Vintage: Italy’s Amatrice Earthquake of 2016 remembered
Italian Prime Minister Mario Draghi has paid tribute to the victims of an earthquake that devastated entire towns five years ago. Nearly 300 people were killed when the 6,2-magnitude quake struck central Italy in the early hours of 24 August 2016. The claimed 299 lives when it razed much of Amatrice and pummelled the neighbouring villages of Accumoli and Pescara del Tronto in the rugged, hilly region of Italy. It was the first of more than a dozen tremors that hit the region over the following months and left thousands of people homeless. Approximately 4 400 people were involved in the search and rescue operations, including 70 teams with rescue dogs. Logistics made use of 12 helicopters, with nine more in stand-by.
As many as 237 people were buried under the rubble in Amatrice, a medieval hill town that is the birthplace of Italy’s famed Amatriciana pasta dish. A further 51 people were killed in the nearby municipality of Arquata and 11 others in Accumoli.
Its epicentre was close to Accumoli, with its hypocentre at a depth of 5,1km, approximately 75km southeast of Perugia and 45km north of L'Aquila, in an area near the borders of the Umbria, Lazio, Abruzzo and Marche regions.
10 000 homeless people were accommodated in 58 tents. Sports halls were converted to provide shelter and hotels on the Adriatic coasts were used to temporarily home people. Many rescue workers arrived within an hour of the earthquake. 5 000 soldiers, alpine guides and the Italian Red Cross were involved in searching for survivors, providing food and water and supplying tents. Seventy dog teams and twelve helicopters were involved in the rescue effort.
Six of the Vatican’s 37 fire fighters have travelled to Amatrice to help civil protection workers look for survivors.
A temporary hospital was set up and patients at Amazatrice hospital, which was severely damaged during the earthquake, were transferred to a nearby hospital in Rieti.
Appeals were made by the national blood donation service to ensure demand was met.
Safety check features were activated by Facebook so local people could inform family and friends they were safe.
Locals removed passwords from wi-fi at the request of the Italian Red Cross so rescue teams could communicate more effectively.
A €50 million emergency response was announced by the Italian Government. Taxes for residents were cancelled and reconstruction work began immediately.
In addition to those rescued with the help of other inhabitants or escaped by themselves, 238 people were pulled alive from the rubble by the timely intervention of the authorities, 215 by the Vigili del Fuoco and 23 by the Soccorso Alpino.
In addition to the loss of human life, widespread destruction of cultural heritage is also reported. In Amatrice, the facade and rose window of the Church of Sant'Agostino were destroyed and the museum dedicated to the painter Nicola Filotesio, student and companion of Raphael, collapsed. The earthquake also created cracks in the Baths of Caracalla in Rome. The earthquake was so broad that authorities made structural tests on the Colosseum as well, which was not damaged.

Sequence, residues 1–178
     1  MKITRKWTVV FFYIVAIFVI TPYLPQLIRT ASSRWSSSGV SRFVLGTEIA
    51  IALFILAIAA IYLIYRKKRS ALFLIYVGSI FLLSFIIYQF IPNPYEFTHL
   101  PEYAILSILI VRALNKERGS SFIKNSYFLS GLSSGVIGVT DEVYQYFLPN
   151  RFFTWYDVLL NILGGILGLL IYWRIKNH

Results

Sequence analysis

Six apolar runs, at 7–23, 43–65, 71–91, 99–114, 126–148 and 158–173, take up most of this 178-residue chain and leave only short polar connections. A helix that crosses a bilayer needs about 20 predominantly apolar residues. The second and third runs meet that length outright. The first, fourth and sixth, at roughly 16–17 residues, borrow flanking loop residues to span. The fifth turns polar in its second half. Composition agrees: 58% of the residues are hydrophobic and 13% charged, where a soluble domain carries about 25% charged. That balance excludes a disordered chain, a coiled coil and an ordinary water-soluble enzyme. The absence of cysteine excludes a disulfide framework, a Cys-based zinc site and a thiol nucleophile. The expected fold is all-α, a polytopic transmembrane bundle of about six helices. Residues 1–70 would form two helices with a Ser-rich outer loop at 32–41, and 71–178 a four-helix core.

The Basilica of Saint Francis of Assisi, a UNESCO World Heritage site with frescoes by Giotto and Cimabue that were partly destroyed by an earthquake in 1997, was declared safe after an extensive survey by the head restorer. 3D computer models were used to help damage assessment of the Basilica of Saint Francis of Assisi and the Church of Sant'Agostino. The data for building the models was collected by robots deployed by the European project TRADR. Two ground robots and one drone were used inside the San Francesco Basilica, one drone was used inside the Sant'Agostino church and two drones were used on the outside of both churches.
Scientists with the Advanced Rapid Imaging and Analysis (ARIA) project, a collaboration between NASA's Jet Propulsion Laboratory, Pasadena, California and the California Institute of Technology in Pasadena, were an integral part of NASA’s support to the earthquake response.
On Tuesday, 24 August 2021, Prime Minister Draghi laid a commemorative wreath at the monument to victims at the Don Minozzi Park in Amatrice on the fifth anniversary of the disaster. The Italian Prime Minister then took part in a Mass at a nearby sports field attended by local residents and vowed to accelerate reconstruction efforts in the region.
Italian Government officials had pledged to rebuild Amatrice’s crumbled historic centre and other nearby towns following the earthquake but bureaucratic problems have slowed the effort to a crawl. "In the past it was slow but now the situation is different," Draghi told a committee of residents, according to a statement. “Reconstruction work is proceeding faster. I’m here to bring you the confidence and commitment of the Government."
Recently a Government-appointed commissioner for reconstruction announced that the project was speeding up amid a streamlined process to approve plans and funding. According to a status update in June, 12 000 homes had been built and work was underway at 5 000 more sites.
To date, residents and business owners have made requests for reconstruction funding totalling €5,4 billion. One-third of the 10 000 requests authorised to date received approval in the first six months of this year, the report
Sources: Euro News, Applied Sciences, The New York Times, European Union, Time Magazine, NASA, Internet Geography